CHARLESTON, S.C. (WCBD) – A state wide mandate forcing restaurants to close their doors issued by Governor Henry McMaster went into effect on Wednesday leaving many restaurants unsure of what’s next.

Restaurants across the state we’re officially forced to close their doors to inside dining. With help from one Lowcountry organization, some restaurants are coming up with creative ways to continue serving customers.

“For the time being we’re just kind of taking it day by day, week by week,” says Shaui Wang who owns Jackrabbit Filly with his wife Corrie in North Charleston. “We’re going to see how far we can get until either we run out of money or we’re forced to shut down completely.”

Jamee Haley who’s nonprofit organization Lowcountry Local First is working to support area restaurants that have been forced to close because of the Coronavirus.

“We are seeing businesses who are offering take out, encouraging people to buy gift cards, just doing all sorts of things in order to be able to keep their doors open,” says Hayley.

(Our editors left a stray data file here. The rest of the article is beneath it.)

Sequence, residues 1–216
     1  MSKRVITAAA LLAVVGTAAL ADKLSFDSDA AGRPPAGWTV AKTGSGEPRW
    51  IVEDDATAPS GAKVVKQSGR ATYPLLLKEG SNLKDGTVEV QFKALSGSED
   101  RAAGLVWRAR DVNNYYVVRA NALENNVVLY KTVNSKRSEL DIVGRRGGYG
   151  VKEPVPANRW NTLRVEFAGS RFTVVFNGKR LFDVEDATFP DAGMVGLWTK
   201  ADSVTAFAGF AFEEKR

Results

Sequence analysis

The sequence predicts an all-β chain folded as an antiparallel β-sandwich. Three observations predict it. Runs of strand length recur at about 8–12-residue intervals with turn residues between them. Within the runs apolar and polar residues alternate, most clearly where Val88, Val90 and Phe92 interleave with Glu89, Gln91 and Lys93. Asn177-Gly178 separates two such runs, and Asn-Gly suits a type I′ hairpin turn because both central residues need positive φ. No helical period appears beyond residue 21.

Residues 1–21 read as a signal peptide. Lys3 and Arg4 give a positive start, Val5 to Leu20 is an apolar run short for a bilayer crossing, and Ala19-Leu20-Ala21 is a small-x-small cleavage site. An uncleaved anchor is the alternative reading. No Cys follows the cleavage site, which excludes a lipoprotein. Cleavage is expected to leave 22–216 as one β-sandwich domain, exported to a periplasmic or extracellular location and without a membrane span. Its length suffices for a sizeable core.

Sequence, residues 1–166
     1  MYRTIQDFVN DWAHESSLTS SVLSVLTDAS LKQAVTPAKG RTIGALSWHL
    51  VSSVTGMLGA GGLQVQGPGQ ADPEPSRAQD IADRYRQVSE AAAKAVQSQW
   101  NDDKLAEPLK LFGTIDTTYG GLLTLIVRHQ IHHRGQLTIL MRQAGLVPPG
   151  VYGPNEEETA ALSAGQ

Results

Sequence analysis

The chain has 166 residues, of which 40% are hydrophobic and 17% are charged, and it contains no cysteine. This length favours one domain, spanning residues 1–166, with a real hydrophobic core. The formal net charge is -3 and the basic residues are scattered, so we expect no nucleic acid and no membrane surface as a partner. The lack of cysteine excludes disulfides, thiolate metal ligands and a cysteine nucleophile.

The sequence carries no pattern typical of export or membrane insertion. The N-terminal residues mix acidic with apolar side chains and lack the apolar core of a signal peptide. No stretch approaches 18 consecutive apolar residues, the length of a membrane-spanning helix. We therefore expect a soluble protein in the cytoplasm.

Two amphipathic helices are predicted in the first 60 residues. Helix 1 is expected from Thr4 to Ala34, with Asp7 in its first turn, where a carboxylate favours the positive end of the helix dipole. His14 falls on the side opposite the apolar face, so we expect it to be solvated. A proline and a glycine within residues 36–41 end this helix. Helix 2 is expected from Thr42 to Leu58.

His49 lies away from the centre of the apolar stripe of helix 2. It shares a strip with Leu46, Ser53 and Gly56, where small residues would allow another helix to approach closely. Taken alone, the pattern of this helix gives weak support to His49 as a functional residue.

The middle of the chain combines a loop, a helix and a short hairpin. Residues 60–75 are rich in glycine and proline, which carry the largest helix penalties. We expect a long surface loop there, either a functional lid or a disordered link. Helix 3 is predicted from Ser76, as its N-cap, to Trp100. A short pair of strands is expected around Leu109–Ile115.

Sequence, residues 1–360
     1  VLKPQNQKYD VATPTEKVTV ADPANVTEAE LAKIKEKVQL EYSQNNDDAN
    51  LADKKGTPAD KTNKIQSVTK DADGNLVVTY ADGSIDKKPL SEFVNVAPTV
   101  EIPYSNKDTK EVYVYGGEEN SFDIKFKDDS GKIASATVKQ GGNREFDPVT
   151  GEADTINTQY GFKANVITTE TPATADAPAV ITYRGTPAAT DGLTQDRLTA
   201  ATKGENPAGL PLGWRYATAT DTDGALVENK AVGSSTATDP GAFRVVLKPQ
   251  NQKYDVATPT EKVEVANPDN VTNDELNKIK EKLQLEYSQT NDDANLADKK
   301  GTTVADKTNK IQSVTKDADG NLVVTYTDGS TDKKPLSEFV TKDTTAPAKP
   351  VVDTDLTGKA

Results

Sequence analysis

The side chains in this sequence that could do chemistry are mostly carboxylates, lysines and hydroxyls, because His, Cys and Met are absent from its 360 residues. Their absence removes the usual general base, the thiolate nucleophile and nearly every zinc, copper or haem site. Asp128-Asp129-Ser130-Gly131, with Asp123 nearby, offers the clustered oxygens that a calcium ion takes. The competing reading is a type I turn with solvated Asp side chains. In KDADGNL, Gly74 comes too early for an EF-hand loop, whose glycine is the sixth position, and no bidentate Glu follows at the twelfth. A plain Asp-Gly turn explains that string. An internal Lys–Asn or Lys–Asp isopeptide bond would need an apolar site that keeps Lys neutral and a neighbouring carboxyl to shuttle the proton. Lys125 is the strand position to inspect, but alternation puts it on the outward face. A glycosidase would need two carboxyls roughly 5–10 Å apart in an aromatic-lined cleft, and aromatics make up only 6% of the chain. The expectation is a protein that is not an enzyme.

Haley’s organization is working around the clock in an attempt to help find a solution for restaurants and their owners.

“We are collecting all of those creative ideas and putting them into one website where everybody can go and see how they can best support the local business community,” says Hayley. A full list of the creative ideas can be found on the Lowcountry Locals First website.

Shaui and Corrie Wang, Owners of Jackrabbit Filly are hoping to keep their doors open as long as possible by offering several different options for customers.

“We have a little section called pantry now that you can buy frozen dumplings and chili oil and dumpling sauce just as sort of an extra revenue fund because our to-go orders were never really half of what we could do,” says Corrie Wang.

The Wangs say they are keeping their staff on board at the restaurant to keep them from being out of work during the closure.

“You can buy a Jackrabbit Filly T-Shirt and all proceeds are going to go to the wait staff just to try and fill that gap of lost tip revenue,” says Corrie Wang.

Restaurant owners say they are still working to find ways to serve their community while keeping there employees working.